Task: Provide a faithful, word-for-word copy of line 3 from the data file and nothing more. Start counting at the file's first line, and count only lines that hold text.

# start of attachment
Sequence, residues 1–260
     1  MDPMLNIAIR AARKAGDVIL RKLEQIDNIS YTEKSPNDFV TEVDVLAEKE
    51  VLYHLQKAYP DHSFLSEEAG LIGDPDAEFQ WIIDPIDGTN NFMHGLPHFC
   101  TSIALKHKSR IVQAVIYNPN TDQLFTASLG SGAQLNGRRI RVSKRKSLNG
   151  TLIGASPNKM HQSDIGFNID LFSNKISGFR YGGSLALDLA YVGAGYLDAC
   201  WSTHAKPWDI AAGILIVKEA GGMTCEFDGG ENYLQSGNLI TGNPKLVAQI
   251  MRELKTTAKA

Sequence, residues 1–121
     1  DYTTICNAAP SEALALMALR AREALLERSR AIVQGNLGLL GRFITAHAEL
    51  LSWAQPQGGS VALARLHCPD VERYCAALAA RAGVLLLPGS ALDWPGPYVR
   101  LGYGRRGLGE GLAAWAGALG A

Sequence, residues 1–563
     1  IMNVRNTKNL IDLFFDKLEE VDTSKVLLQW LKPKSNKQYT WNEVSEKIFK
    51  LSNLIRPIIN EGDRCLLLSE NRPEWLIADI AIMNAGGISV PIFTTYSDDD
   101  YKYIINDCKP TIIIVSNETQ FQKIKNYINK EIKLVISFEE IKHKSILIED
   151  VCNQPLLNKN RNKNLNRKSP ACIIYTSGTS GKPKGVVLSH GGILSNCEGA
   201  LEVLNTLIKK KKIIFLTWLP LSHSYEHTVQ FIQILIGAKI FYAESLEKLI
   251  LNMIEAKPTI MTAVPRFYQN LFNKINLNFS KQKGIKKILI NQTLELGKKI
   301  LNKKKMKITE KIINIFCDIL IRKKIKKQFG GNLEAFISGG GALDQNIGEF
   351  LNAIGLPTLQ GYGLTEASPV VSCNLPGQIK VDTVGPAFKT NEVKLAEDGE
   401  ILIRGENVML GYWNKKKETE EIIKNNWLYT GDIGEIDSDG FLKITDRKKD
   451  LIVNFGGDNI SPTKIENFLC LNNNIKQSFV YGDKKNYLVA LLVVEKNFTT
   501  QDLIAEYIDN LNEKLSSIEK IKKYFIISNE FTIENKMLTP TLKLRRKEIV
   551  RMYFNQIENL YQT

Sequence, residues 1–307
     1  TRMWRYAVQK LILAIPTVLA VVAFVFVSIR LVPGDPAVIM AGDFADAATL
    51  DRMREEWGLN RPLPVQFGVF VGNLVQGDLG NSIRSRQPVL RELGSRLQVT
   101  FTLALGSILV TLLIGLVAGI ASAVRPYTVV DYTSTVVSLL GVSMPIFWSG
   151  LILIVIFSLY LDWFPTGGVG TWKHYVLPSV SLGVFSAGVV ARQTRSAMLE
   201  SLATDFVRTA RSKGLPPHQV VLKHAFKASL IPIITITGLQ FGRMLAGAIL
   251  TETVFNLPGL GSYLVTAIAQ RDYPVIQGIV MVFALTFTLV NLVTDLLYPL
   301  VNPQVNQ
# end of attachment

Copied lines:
    51  VLYHLQKAYP DHSFLSEEAG LIGDPDAEFQ WIIDPIDGTN NFMHGLPHFC